Wednesday, 20 February 2013

3 new panels to spur Malay usage

By Poon Chian Hui, The Straits Times, 19 Feb 2013

IN A bid to ensure that Malay survives this generation and beyond, three committees have been set up to further promote the use of the language in schools, the community and the local literary scene.

The move, which is the first of its kind here, is being made by the Malay Language Council of Singapore, which will set aside at least $600,000 over three years to implement various programmes.

Announcing the plans yesterday, Senior Minister of State for Home Affairs and Foreign Affairs Masagos Zulkifli said Malay is part of the country's heritage and identity. It is one of the four official languages here.

"The spectrum of uses of the Malay language is really wide, from casual to formal, from the bazaar to the very structured," he noted.

Mr Masagos, who chairs the council, said the committees will work on plans for the longer term.

One of them, to be headed by Dr Intan Azura Mokhtar, who is an MP for Ang Mo Kio GRC, will focus on schools.

Currently, the teaching of Malay in pre-schools is largely left to centres, which design their own curriculum. But a review of pre-school education is now under way to come up with a standardised curriculum.

The council is working with statutory boards under the Ministry of Education and the Ministry of Social and Family Development to prepare guidelines or work plans for this.

One of its recommendations is to beef up oral skills, such as by getting teachers to encourage the use of Malay during playtime and when the children interact with one another.

Hopefully, the children will also bring the language back home to their young parents - a group that is becoming less familiar with Malay.

This is due to the dominance of English usage in schools and the workplace, observed Chua Chu Kang GRC MP Zaqy Mohamad, who heads the committee that is overseeing community involvement efforts.

Agreeing, Mr Masagos said the biggest challenge today is to ensure that Malay is regularly spoken at home, and not just by older folk.

"Over time, if families do not use the language at home, we will start to see issues," he added.

The council also plans to hold activities in the community, and Mr Zaqy intends to build on a popular annual language campaign called Bulan Bahasa.

Last year, the month-long event drew nearly 9,000 people to dialogues, quizzes for pupils, storytelling sessions and talks by young Malay authors.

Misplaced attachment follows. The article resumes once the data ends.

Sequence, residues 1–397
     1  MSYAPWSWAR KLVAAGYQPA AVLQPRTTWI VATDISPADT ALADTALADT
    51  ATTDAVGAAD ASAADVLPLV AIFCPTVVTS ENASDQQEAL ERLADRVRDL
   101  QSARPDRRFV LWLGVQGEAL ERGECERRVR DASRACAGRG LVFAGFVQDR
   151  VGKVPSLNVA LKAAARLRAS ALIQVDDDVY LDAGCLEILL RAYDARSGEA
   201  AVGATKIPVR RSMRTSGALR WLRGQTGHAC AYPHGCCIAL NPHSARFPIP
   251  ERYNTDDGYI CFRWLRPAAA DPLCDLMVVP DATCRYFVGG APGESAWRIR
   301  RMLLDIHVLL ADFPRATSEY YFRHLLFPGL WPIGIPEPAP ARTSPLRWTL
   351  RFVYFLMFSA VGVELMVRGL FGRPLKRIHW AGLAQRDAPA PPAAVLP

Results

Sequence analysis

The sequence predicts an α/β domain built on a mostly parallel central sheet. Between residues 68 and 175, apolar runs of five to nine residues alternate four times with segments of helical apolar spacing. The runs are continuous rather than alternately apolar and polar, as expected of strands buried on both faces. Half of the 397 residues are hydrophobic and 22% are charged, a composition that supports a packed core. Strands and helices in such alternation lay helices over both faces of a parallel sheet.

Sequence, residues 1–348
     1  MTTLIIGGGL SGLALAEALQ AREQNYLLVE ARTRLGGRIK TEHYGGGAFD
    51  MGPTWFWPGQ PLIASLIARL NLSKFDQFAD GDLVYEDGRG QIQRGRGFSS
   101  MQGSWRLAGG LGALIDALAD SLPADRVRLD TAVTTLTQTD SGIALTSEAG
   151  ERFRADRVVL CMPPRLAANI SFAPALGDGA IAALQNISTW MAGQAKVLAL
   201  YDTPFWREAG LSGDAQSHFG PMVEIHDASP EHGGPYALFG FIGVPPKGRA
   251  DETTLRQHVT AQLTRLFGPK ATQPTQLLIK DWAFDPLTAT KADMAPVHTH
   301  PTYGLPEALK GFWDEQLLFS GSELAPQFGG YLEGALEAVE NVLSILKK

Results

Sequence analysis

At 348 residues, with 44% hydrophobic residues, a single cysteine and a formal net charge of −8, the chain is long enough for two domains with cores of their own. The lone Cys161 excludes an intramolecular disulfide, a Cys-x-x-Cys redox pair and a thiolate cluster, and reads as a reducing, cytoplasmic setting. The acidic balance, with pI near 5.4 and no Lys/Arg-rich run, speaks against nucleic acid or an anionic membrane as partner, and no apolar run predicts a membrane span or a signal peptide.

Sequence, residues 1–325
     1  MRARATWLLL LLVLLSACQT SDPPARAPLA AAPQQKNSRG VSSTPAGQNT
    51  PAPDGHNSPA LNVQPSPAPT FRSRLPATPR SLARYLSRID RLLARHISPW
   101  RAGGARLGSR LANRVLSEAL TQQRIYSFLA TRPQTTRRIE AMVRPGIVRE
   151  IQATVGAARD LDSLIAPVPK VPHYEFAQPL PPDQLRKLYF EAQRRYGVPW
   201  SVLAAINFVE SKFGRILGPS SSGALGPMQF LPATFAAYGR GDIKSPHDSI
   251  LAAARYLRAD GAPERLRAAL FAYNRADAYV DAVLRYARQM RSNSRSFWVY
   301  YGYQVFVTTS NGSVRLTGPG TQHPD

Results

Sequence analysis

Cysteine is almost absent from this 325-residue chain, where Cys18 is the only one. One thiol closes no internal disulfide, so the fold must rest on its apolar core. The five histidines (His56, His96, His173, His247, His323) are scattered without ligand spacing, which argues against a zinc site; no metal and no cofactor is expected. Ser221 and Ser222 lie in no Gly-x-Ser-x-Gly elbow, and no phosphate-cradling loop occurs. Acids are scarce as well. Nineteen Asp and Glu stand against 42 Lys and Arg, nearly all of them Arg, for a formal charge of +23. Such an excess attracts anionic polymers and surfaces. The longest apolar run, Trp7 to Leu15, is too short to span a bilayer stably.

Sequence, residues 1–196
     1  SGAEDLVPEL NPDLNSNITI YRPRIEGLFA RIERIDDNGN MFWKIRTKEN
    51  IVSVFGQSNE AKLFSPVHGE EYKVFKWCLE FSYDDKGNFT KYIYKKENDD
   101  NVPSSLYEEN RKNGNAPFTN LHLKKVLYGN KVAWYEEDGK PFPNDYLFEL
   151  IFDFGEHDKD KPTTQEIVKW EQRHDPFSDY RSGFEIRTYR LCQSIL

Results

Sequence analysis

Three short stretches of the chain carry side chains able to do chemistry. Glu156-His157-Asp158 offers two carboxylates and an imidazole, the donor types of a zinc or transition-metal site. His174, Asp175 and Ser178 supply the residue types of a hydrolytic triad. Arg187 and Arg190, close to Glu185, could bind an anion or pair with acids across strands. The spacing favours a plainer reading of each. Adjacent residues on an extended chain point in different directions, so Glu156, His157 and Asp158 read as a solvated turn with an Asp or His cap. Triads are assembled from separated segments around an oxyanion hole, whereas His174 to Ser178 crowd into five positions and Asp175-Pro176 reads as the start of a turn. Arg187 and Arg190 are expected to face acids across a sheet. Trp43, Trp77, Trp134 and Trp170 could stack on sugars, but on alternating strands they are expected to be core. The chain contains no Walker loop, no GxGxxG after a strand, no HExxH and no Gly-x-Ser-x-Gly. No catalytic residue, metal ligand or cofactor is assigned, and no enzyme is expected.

The third committee, focusing on the literary scene, is being helmed by retired teacher Mohd Naim Daipi, an expert in the Malay language.

It aims to give the literary scene a boost with writing competitions, poetry recitals and book quizzes to stir up interest among youth.

Said Mr Masagos: "With this, people can continue to love the language as their heritage while acquiring English as a means for them to do well in their careers."

Ways to promote the language

THE Malay Language Council of Singapore will roll out a number of initiatives in the next three years to promote the language. They include:


Set to be launched in the middle of the year, it will provide users with updates on Malay language, literature and art and cultural activities in Singapore.


The habit will be cultivated among children from pre-schools to tertiary institutions. Reading materials will be provided with the help of the National Library Board, the National Arts Council, and Malay Activities Executive Committees in community clubs and pre-schools.


Outstanding Malay-language teachers who have received the Arif Budiman Teachers Award will mentor their younger peers. They will also get to attend overseas conferences and seminars to further their own learning.


Book quizzes, writing competitions and poetry recitals will be held to encourage the young to learn more about Malay novels and poetry.


Recent membership with the Southeast Asia Literary Council paves the way for events to promote home-grown Malay-language literature to the world.

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